The United Nations has revised downward India's economic growth forecast for 2017 but predicted an increased 7.9 per cent GDP growth next year as it cautioned that stressed balance sheets in the banking sectors will prevent strong investment rebound in the near term.
The UN World Economic Situation and Prospects as of mid- 2017 report, launched here today, said India is projected to achieve a 7.3 per cent growth in 2017, a downward revision from the 7.7 per cent forecastfor the year made when the report was launched in January.
The revised report, however, projected that India will achieve an impressive 7.9 per cent GDP growth in 2018, revising upwards its January estimates when it had said India's growth will be 7.6 per cent next year.
The report warned that stressed balance sheets in the country's banking sector, which has emerged as a cause of concern for the Narendra Modi government, will have an adverse effect on investment rebound in the country.
"Despite temporary disruptions from the demonetization policy, economic conditions in India remain robust, underpinned by sound fiscal and monetary policies and the implementation of key domestic reforms. Yet, stressed balance sheets in the banking and corporate sectors will prevent a strong investment rebound in the near term," the report said.
It noted that current accounts deficits have narrowed "visibly" in India, Brazil and South Africa, and some countries have undergone significant corporate deleveraging, particularly Russia.
Despite India's growth being revised downward, it remains the fastest growing large developing economy, way ahead of China which is projected to grow at 6.5 per cent in 2017 and 2018.
The report said world gross product is expected to expand by 2.7 per cent in 2017 and 2.9 per cent in 2018, unchanged from UN forecasts released in January this year. This marks a notable acceleration compared to just 2.3 per cent in 2016.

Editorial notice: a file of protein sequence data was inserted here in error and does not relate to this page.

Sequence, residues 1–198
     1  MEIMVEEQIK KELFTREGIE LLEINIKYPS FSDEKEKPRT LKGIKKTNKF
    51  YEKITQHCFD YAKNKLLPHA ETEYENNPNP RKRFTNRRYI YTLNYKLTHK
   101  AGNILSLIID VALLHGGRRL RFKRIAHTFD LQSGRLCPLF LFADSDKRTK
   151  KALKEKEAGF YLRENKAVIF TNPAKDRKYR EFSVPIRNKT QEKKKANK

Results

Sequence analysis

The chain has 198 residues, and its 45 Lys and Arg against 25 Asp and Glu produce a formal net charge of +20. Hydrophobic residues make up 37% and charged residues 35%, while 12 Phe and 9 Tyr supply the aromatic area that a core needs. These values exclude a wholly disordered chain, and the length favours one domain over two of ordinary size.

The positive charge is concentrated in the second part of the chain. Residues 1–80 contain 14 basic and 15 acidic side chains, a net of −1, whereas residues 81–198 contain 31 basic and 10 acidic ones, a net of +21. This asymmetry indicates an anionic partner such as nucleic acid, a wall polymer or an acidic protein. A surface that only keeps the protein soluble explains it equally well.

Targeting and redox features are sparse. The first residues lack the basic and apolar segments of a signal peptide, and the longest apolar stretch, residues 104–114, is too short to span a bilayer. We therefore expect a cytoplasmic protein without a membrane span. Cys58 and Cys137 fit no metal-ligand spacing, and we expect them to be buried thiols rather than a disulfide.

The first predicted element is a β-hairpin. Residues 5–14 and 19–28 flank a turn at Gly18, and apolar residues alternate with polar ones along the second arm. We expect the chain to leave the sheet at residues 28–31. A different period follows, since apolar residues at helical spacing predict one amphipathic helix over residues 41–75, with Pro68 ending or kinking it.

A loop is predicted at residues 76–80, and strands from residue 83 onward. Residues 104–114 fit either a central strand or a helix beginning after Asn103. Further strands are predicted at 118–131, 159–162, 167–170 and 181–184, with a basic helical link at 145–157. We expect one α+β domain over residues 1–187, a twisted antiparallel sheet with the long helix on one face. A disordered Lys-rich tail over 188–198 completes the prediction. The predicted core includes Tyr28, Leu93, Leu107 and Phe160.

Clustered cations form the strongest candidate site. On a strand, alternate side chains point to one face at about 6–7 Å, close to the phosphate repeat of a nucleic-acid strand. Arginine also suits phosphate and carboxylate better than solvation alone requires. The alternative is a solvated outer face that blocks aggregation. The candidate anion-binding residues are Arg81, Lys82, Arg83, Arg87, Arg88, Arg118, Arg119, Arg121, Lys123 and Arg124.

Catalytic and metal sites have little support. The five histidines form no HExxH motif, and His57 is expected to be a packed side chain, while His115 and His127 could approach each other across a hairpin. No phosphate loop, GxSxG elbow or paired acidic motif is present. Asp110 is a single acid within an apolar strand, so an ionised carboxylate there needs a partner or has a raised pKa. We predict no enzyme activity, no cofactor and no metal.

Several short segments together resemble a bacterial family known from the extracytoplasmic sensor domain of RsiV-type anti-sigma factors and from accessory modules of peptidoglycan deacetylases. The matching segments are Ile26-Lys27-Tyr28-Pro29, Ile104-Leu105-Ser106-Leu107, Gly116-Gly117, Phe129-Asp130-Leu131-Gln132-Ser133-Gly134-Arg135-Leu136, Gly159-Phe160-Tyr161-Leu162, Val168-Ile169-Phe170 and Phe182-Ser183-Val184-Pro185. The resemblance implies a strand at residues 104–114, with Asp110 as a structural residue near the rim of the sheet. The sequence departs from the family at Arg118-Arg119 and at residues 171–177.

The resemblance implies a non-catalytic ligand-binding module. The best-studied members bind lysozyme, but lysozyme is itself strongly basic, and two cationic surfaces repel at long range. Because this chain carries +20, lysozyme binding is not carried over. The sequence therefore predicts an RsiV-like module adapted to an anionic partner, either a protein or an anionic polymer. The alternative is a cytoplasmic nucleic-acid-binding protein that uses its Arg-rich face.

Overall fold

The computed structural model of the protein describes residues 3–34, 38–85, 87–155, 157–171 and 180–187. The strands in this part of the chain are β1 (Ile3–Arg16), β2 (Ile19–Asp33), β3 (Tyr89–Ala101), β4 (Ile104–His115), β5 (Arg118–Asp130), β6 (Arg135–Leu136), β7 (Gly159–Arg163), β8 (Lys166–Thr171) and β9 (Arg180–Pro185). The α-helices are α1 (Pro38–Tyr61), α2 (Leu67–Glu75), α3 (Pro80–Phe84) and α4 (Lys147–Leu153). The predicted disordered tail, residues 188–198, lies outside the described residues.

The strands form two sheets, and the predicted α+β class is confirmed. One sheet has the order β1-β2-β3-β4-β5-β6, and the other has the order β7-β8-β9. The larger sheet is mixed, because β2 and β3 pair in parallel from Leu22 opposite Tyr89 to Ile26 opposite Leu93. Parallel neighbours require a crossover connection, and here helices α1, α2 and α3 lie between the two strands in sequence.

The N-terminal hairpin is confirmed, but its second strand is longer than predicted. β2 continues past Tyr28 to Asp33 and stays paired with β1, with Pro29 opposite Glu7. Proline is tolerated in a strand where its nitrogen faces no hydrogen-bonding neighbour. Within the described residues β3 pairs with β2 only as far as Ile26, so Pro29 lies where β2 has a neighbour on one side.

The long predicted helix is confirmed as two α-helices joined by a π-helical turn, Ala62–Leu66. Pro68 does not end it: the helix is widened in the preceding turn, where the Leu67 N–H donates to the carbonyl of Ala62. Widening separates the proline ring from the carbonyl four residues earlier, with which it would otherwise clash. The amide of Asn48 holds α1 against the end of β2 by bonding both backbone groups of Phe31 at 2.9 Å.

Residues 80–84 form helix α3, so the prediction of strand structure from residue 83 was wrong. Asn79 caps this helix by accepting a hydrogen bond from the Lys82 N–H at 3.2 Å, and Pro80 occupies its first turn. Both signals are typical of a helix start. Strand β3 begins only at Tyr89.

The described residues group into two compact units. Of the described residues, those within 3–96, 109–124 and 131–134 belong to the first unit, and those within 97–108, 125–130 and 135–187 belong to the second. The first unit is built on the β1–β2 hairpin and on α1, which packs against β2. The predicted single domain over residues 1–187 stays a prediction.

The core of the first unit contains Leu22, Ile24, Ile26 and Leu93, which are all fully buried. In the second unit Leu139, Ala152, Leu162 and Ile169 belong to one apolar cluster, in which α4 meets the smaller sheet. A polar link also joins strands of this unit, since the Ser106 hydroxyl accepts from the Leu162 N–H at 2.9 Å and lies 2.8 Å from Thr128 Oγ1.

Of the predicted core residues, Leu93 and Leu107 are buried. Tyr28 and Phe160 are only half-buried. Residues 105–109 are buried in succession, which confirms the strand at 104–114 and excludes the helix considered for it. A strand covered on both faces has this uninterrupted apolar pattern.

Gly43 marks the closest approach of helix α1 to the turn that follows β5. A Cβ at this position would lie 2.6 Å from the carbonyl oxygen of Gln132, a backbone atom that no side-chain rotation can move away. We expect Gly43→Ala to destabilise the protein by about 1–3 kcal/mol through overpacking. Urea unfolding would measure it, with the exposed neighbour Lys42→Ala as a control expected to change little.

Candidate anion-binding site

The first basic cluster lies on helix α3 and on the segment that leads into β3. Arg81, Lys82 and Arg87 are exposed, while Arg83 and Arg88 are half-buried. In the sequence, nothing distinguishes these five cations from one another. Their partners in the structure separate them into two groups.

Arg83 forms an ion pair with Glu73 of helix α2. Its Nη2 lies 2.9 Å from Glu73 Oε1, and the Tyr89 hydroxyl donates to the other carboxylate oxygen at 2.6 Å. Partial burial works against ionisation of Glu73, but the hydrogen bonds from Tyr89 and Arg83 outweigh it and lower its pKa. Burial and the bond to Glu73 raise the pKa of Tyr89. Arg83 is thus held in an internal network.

The report identifies a tentative recovery in world industrial production, along with reviving global trade, driven primarily by rising import demand from East Asia.
Assistant Secretary-General for Economic Development in the UN Department of Economic and Social Affairs Lenni Montiel underscored the "need to reinvigorate global commitments to international policy coordination to achieve a balanced and sustained revival of global growth, ensuring that no regions are left behind."
According to the report, underpinning global economic recovery is firmer growth in many developed economies and economies in transition, with East and South Asia remaining the world's most dynamic regions, benefiting from robust domestic demand and supportive macroeconomic policies.
It said more efforts are needed to foster an environment that will accelerate medium term growth and tackle poverty through policies that address inequalities in income and opportunity. The report points to a combination of short-term policies to support consumption among the most deprived and longer-term policies such as improving access to healthcare and education and investment in rural infrastructure.
The report states that inflation dynamics in developed economies have reached a turning point, and risks of prolonged deflation have largely dissipated. By contrast, inflationary pressures have eased in many large emerging markets, allowing interest rates to come down.
It further stresses heightened uncertainty over international policy, which will hinder a strong rebound in private investment globally. Corporate sectors in many emerging economies are vulnerable to sudden changes in financial conditions and destabilizing capital outflows, which could be triggered by faster- than-expected interest rate hikes in the United States.
Looking ahead, the report advocates for renewed global commitments to deeper international policy coordination in key areas, including aligning the multilateral trading system with the 2030 Agenda for Sustainable Development; expanding official development aid; supporting climate finance and clean technology transfer; and addressing the challenges posed by large movements of refugees and migrants.
(This story has not been edited by Business Standard staff and is auto-generated from a syndicated feed.)